Click for next page ( 45

The National Academies of Sciences, Engineering, and Medicine
500 Fifth St. N.W. | Washington, D.C. 20001

Copyright © National Academy of Sciences. All rights reserved.
Terms of Use and Privacy Statement

Below are the first 10 and last 10 pages of uncorrected machine-read text (when available) of this chapter, followed by the top 30 algorithmically extracted key phrases from the chapter as a whole.
Intended to provide our own search engines and external engines with highly rich, chapter-representative searchable text on the opening pages of each chapter. Because it is UNCORRECTED material, please consider the following text as a useful but insufficient proxy for the authoritative book pages.

Do not use for reproduction, copying, pasting, or reading; exclusively for search engines.

OCR for page 44
5 Communicating a Value Proposition A major barrier to improving quality is the receptivity of the management and leadership of health care institutions, Thomas Boat said. iNTEGRATING THE BUSINESS LANGUAGE For quality improvement to have its next big impact, it must be brought to the level of chief executive officers (CEOs) and chief financial officers (CFOs), Scott Hamlin said. Hamlin offered that the concepts articulated during the workshop were the correct ones, but the next step is to incorporate the language of business into research- ers’ and policy makers’ thinking. Without embracing the language of CEOs and CFOs, they can never be brought along to understand what needs to be done. CEOs and CFOs are the ones who influence boards, shareholders, and trustees’ decisions, and they are respon- sible for the delivery of value. Boards, shareholders, and payers all share one common language—market share. To integrate the business language, competitive advantage must be addressed because it is the CEO’s and CFO’s primary concern. Hamlin described competitive advantage as specific characteristics of the organization that are marketable and that positively differen- tiate the organization from others. Researchers and policy makers must help decision makers understand how quality improvement and quality improvement research translate into competitive advan- 44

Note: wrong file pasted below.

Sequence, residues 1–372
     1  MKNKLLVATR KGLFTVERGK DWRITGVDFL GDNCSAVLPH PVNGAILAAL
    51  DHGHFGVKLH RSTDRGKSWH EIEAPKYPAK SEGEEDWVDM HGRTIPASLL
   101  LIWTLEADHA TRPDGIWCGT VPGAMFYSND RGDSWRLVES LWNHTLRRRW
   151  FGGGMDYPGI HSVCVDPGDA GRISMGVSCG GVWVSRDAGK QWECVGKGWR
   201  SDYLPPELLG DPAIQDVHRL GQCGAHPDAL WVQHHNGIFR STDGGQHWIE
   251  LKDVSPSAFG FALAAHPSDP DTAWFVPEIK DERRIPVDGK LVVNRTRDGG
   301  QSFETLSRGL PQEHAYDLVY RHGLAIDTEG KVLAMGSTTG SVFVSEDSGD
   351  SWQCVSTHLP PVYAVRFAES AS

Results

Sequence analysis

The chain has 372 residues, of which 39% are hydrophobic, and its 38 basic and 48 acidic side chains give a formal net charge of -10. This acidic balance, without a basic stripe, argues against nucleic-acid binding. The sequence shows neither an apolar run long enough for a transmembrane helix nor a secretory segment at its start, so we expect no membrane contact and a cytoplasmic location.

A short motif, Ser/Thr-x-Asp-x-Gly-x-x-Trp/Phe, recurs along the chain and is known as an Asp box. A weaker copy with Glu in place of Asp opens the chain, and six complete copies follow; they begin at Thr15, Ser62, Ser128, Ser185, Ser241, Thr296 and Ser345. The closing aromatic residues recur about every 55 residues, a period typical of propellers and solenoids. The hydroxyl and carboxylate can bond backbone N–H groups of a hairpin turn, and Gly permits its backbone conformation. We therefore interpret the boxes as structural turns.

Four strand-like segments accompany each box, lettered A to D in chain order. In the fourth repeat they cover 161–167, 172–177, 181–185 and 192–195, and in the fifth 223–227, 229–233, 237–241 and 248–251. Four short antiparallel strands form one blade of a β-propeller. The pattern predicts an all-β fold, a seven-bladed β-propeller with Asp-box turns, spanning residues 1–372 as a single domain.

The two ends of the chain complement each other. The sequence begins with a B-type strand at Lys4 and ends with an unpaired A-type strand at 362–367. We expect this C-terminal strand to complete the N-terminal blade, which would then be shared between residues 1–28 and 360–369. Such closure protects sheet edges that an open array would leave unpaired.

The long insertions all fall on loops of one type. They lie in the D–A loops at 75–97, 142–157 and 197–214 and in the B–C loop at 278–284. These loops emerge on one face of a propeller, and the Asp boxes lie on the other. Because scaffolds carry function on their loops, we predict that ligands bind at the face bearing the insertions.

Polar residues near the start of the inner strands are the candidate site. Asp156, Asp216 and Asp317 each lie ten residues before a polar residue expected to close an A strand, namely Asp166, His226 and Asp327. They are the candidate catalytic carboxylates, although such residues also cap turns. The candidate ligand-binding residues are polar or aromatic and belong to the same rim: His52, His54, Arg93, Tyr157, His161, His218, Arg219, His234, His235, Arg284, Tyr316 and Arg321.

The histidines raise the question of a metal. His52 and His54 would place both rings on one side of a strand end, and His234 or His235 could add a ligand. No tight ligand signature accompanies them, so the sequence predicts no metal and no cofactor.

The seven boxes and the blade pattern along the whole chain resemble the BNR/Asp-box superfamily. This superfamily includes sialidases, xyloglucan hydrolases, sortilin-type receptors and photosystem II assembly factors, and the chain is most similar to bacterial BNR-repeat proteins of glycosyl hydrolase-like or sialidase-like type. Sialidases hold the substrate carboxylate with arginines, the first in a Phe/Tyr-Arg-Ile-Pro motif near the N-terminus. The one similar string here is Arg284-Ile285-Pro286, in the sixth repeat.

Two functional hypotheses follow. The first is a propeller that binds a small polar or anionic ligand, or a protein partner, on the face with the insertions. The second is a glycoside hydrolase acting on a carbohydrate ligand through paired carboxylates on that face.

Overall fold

OCR for page 44
COMMUNICATING A VALUE PROPOSITION 45 tages. The disconnect Hamlin saw between the workshop discus- sions and where the discussions needed to be to capture the atten- tion of leadership was the business model. In defining a business model, a business case is usually made, followed by case examples supporting it. In health care, the opposite seems to happen. Case studies are often used as proof of a business case, but are rarely presented in the context of the entity’s articulated business model or business strategy. Hamlin provided the following business model as an example: Cincinnati Children’s Hospital Medical Center is located in a small metropolitan area and relies on a substantial portion of its inpatient revenues to come from patients traveling from outside its primary service area; many patients must bypass multiple other options along the way. To justify patients’ efforts, or the trust of a referring physician, the Cincinnati Children’s Hospital Medical Center must have a demonstrable outcome advantage or provide a cost advantage for a comparable outcome. This is the busi- ness model and shows the importance of quality. Improved quality carries the ammunition to attack both sides of the “value equation”: product differentiation from better outcomes and/or lower costs. As an academically affiliated organization, Cincinnati Children’s Hospital Medical Center’s care is suboptimal because no patient stays in a division or department throughout an entire inpatient stay. This is one of the biggest challenges to optimizing value, Hamlin said, noting that although academic structures can inhibit quality improvement, the highly successful pieces must be built up. The CEO’s and CFO’s roles are to help each line be as successful as pos- sible. If parts of the system are suboptimal, they must work together to find a solution, not just focus on the specialties in which they are competitive. The problem is not the reimbursement system, Hamlin said, because people will always find ways to maximize profits in reimbursement systems. The real key is to improve the quality, and thereby the value, of health care. The need for research Research partnerships with clinical care are imperative. The research and development arm of a health care institution cannot be a separate group and must be engaged in the decision-making process, Hamlin said. Examples of success, such as those described during the first panel, can influence others to improve the quality of care they provide, Boat said. Although successful spread can occur in this manner, it will not be entirely successful without an evidence